Laves said his interest in the field began to peak during high school. He said he wasn’t diagnosed with depression or any other mental illnesses, but he was just a kid who became aware of how political adolescent friend groups can be. Sensitive of being rejected or isolated, Laves didn’t have one close-knit group of friends, but instead bounced around and spent time with many people.
With the knowledge he has now, he said he’s able to look back and recognize some of his old friends were most likely battling depression. Laves said he even knew one person who probably was schizophrenic.
Laves said some anxiety and obsessive tendencies run in his family, but he has learned how to manage these in healthy ways and dismiss them as quirks similar to those as everyone else. He says now it helps him as a therapist because it allows him to experience things from the viewpoints of others.
Laves declared as a psychology major as an undergraduate at the University of Missouri, but like most students, he didn’t know exactly what he wanted to do in the beginning.
Laves said he still didn’t precisely know what he wanted to do after getting his master’s degree until one of his university advisers suggested he become a guidance counselor for a high school.
Laves said he recognized high school is full of problems and “lame,” but part of him still liked it, so he became the guidance counselor for Sweet Springs, a small high school in Missouri. Similar to his time at WKU, Laves held multiple positions at the high school, such as the student government sponsor, the assistant weight training coach for the football team and eventually the assistant principal of the school.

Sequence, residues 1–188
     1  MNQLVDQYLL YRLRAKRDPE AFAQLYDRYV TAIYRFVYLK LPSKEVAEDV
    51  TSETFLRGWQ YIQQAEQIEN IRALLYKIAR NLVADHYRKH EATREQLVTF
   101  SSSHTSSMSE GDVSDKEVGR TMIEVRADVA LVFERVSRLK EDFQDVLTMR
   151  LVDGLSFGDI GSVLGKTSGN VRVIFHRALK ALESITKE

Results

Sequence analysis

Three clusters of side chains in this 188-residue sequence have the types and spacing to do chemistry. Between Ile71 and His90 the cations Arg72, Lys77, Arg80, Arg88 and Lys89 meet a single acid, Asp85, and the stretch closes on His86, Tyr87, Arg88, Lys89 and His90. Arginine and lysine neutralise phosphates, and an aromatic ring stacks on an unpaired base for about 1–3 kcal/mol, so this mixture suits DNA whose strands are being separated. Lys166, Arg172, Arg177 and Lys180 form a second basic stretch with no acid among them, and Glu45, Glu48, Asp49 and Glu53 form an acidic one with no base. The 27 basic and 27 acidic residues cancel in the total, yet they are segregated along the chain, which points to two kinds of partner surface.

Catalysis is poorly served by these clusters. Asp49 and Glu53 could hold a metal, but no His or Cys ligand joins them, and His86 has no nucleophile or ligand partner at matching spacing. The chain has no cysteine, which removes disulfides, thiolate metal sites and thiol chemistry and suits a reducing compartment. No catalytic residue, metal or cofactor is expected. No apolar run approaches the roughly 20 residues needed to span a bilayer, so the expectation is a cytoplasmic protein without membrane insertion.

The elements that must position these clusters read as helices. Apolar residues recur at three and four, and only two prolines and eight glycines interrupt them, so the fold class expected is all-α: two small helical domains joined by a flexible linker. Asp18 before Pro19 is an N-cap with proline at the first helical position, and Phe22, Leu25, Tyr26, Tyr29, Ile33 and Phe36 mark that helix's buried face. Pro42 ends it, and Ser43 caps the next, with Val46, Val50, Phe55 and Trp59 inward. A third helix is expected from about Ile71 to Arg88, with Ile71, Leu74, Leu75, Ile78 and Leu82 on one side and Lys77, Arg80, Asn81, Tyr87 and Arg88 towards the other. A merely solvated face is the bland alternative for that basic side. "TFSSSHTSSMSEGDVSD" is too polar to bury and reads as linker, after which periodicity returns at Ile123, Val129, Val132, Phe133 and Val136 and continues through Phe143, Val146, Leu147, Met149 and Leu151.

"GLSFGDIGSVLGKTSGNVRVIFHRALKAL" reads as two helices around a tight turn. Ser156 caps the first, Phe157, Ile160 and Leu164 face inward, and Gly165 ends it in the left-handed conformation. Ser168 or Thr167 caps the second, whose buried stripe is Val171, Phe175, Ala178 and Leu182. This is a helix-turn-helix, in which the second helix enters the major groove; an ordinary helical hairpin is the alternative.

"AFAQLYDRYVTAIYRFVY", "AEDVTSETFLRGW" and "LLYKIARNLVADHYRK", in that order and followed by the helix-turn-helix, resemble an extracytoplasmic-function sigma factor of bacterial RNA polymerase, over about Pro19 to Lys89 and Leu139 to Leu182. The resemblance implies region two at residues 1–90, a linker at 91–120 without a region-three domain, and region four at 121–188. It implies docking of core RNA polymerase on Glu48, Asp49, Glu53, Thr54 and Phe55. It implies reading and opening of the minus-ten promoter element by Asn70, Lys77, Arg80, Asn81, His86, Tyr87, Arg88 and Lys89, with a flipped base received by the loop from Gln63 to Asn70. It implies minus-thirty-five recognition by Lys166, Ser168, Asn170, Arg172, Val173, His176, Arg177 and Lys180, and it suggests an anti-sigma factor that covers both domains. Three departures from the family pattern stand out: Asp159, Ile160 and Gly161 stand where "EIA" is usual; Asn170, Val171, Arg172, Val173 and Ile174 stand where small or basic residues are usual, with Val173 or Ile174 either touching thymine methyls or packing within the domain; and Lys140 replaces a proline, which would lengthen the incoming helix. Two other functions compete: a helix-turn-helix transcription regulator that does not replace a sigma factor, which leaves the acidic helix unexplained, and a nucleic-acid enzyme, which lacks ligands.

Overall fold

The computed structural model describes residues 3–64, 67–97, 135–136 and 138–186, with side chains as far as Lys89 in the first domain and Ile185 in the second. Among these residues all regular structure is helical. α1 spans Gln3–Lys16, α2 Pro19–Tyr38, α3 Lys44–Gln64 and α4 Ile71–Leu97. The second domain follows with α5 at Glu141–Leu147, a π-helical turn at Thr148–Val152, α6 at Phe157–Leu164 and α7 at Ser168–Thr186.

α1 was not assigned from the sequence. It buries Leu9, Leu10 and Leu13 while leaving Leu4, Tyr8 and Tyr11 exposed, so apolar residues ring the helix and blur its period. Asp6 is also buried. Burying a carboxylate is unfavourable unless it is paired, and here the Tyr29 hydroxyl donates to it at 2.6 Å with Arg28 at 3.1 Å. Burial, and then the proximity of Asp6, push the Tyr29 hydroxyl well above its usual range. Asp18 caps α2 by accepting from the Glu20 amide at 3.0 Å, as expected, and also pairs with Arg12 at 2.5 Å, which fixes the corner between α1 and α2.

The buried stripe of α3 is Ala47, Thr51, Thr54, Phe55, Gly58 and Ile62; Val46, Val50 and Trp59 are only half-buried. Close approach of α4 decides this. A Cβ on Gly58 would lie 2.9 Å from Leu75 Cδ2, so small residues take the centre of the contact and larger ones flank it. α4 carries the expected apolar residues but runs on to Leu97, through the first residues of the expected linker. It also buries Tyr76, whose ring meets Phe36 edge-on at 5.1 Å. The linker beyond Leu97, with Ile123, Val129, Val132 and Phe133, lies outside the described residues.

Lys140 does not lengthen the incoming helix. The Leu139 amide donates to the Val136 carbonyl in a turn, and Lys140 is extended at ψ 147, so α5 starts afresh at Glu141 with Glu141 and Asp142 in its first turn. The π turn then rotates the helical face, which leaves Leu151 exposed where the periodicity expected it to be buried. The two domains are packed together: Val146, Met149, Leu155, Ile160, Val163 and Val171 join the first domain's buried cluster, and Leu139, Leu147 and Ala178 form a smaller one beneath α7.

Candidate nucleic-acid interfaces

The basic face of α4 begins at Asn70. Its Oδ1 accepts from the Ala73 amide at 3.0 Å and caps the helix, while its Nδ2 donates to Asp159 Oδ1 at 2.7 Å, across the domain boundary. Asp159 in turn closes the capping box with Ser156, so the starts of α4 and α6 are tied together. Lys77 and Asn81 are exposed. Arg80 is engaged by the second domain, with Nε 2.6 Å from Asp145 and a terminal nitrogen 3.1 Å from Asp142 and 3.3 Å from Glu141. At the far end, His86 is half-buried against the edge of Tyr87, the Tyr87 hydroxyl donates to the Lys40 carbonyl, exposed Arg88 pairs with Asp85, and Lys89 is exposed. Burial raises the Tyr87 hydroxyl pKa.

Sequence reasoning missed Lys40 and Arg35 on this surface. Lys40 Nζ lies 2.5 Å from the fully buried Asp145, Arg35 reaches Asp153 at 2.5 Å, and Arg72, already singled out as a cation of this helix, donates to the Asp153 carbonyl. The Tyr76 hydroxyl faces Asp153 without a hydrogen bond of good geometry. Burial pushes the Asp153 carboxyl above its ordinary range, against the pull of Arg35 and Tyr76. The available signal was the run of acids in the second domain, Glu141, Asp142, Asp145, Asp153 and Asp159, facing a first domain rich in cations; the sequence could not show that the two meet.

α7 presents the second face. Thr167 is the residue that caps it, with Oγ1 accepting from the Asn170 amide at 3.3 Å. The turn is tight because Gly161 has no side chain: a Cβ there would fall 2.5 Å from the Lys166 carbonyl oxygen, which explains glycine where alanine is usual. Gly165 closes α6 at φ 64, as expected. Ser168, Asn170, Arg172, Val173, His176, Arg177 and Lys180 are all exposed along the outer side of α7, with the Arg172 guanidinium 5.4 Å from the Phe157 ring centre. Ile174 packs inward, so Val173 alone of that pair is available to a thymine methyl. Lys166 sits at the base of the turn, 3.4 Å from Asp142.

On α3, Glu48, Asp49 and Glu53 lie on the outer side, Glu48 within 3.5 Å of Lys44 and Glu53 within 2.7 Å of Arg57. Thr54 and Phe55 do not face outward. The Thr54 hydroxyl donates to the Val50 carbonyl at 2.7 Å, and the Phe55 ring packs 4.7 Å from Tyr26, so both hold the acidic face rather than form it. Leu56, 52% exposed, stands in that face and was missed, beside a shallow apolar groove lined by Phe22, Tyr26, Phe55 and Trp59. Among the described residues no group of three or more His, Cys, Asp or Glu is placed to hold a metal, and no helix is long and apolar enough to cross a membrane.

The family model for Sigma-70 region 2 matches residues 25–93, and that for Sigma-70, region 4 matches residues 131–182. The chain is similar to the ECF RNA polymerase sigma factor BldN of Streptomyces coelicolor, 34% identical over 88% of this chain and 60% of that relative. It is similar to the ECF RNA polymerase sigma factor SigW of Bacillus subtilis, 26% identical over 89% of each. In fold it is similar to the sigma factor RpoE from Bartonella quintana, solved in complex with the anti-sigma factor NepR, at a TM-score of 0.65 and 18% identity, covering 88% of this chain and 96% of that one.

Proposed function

Laves later saw his adviser from his master’s program at a conference, and his former adviser suggested Laves return to school to get his Ph.D.
Laves admitted he didn’t know what a Ph.D. entailed at the time, but he trusted his adviser’s judgement and decided to return to the University of Missouri after five years at Sweet Springs.
Laves considered becoming a career counselor, but his doctoral program landed him an internship at Kansas State University, where he eventually came to the realization he enjoyed working with students.
Laves wasn’t nervous when he began the program, but after he was soon given six students to counsel (a number that grew throughout his time there), he began having doubts about his ability to complete the program nearly every week.
However, each time Laves helped a student his confidence and his passion for counseling grew. He soon realized this was part of the training process.
“If you’re not scaring yourself, then you’re not learning enough,” Laves said.
Lavescompared this outlook to someone pursuing a career as a doctor. He says young doctors may become terrified they are going to let a patient die, but they soon realize this is what comes along with being a doctor, so they power through these fears.
After finishing his internship, Laves took an open position at the WKU Counseling and Testing Center in August of 1991.